Which quarterback should you trust with the game on the line in the SEC?
The conference is brimming with returning stars and a few potential superstar transfers, which makes it not seem so outlandish to go outside the box and select Arkansas’ KJ Jefferson or Florida’s Anthony Richardson. Both have exceptional game-breaking abilities when plays break down or, in Jefferson’s case, as a bruising runner between the tackles, but the sample size on Richardson is too small after playing sparingly last season as a backup and Jefferson benefitted greatly last season with an All-American type of receiver in Treylon Burks.
Whoever starts for Ole Miss — Luke Altmyer or USC transfer Jackson Dart — will put up big numbers, but we’ve yet to see them in crunch time in the SEC and neither have been tested in late-game situations in the conference. Tennessee’s Hendon Hooker has a lively arm and is perfect for Josh Heupel‘s deep-shot offense, and while some are eager to push him to the top of the heap, he’s too inconsistent within the yard markers. Can he be counted on to hit receivers within the sticks on a sustained, late-game drive? He’s not even in my top three in that category.
So, despite all those great names, the pick here is easy. Alabama’s Bryce Young is the SEC’s best quarterback with the game on the line. He led the Crimson Tide to an SEC championship against Georgia, then lost a national title in the rematch against the Bulldogs, and won the Heisman Trophy last season, but those three moments don’t stick out in my mind. Well, go back to the Iron Bowl when he shook off a half dozen sacks and led Alabama on a 97-yard drive in 95 seconds to force overtime on the road at Auburn. He converted a fourth down and two third-and-longs to lead Alabama to its game-tying touchdown.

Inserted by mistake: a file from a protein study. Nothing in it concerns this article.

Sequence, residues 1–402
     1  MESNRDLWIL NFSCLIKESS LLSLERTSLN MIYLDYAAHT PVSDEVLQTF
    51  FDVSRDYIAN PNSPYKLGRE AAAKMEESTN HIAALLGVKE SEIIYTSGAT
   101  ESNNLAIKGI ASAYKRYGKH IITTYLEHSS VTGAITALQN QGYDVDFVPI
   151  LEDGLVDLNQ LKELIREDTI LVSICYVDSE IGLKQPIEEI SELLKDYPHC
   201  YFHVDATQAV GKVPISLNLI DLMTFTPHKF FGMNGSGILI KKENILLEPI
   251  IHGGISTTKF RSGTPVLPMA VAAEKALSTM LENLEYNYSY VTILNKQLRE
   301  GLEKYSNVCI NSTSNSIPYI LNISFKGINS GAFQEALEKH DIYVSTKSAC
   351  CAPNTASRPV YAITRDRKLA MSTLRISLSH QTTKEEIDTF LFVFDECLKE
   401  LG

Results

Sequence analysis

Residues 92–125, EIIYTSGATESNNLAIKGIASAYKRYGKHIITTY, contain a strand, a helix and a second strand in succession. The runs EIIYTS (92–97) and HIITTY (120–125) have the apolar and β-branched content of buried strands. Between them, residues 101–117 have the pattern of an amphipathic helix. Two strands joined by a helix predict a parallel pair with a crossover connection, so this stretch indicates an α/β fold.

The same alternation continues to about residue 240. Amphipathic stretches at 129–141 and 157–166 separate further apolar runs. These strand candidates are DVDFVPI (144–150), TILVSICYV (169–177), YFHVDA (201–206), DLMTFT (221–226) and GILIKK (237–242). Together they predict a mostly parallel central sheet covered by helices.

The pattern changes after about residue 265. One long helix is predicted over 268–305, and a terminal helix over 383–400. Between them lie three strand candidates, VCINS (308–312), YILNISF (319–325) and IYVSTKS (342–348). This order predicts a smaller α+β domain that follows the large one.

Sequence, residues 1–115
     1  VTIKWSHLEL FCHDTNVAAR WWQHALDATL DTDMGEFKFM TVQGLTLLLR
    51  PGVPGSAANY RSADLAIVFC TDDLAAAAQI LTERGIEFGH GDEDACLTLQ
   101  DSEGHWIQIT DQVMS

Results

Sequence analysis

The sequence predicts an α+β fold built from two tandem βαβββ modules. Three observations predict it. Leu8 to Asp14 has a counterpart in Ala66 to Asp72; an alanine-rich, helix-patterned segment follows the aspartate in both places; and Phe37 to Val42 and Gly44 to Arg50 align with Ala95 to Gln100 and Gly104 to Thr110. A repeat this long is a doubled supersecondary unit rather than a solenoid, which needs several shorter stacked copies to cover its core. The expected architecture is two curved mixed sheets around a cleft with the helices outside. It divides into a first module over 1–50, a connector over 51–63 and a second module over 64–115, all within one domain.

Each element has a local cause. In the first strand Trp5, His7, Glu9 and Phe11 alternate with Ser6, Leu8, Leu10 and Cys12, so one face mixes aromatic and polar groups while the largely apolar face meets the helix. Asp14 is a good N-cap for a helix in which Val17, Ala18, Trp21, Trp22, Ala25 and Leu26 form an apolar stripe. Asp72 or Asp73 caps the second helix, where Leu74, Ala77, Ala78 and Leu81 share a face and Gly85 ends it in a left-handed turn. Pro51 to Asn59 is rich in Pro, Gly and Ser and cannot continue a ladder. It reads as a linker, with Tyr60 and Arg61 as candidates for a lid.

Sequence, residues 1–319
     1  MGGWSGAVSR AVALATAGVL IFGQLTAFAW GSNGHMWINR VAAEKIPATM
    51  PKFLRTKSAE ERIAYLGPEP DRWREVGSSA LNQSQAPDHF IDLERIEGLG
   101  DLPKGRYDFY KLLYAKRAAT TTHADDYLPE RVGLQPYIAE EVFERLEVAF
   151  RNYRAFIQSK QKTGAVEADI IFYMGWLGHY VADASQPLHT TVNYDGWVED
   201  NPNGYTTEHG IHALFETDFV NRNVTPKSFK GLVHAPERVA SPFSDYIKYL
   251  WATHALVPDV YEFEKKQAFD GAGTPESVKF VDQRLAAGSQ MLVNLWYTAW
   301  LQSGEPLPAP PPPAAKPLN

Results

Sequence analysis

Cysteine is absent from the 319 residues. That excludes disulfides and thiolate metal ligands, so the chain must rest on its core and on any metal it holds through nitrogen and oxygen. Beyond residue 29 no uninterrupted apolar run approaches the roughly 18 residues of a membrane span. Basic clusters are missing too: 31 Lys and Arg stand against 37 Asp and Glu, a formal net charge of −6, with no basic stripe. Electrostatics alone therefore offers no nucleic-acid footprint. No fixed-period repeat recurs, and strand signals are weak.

Yes, Georgia quarterback Stetson Bennett hoisted the national championship trophy with a win against Alabama (and was tremendous in the College Football Playoff with five touchdowns and zero turnovers), but Bryce Young lifted the Heisman as the top player in the country for his consistency, week-to-week performances and late-game heroics– and if his that’s not enough to be trusted in the final moments of the game, go ahead and take a chance on the other QBs in the SEC who have never faced such high- pressure moments and delivered under a time crunch.
Brandon Marcello is a national college football reporter for 247Sports.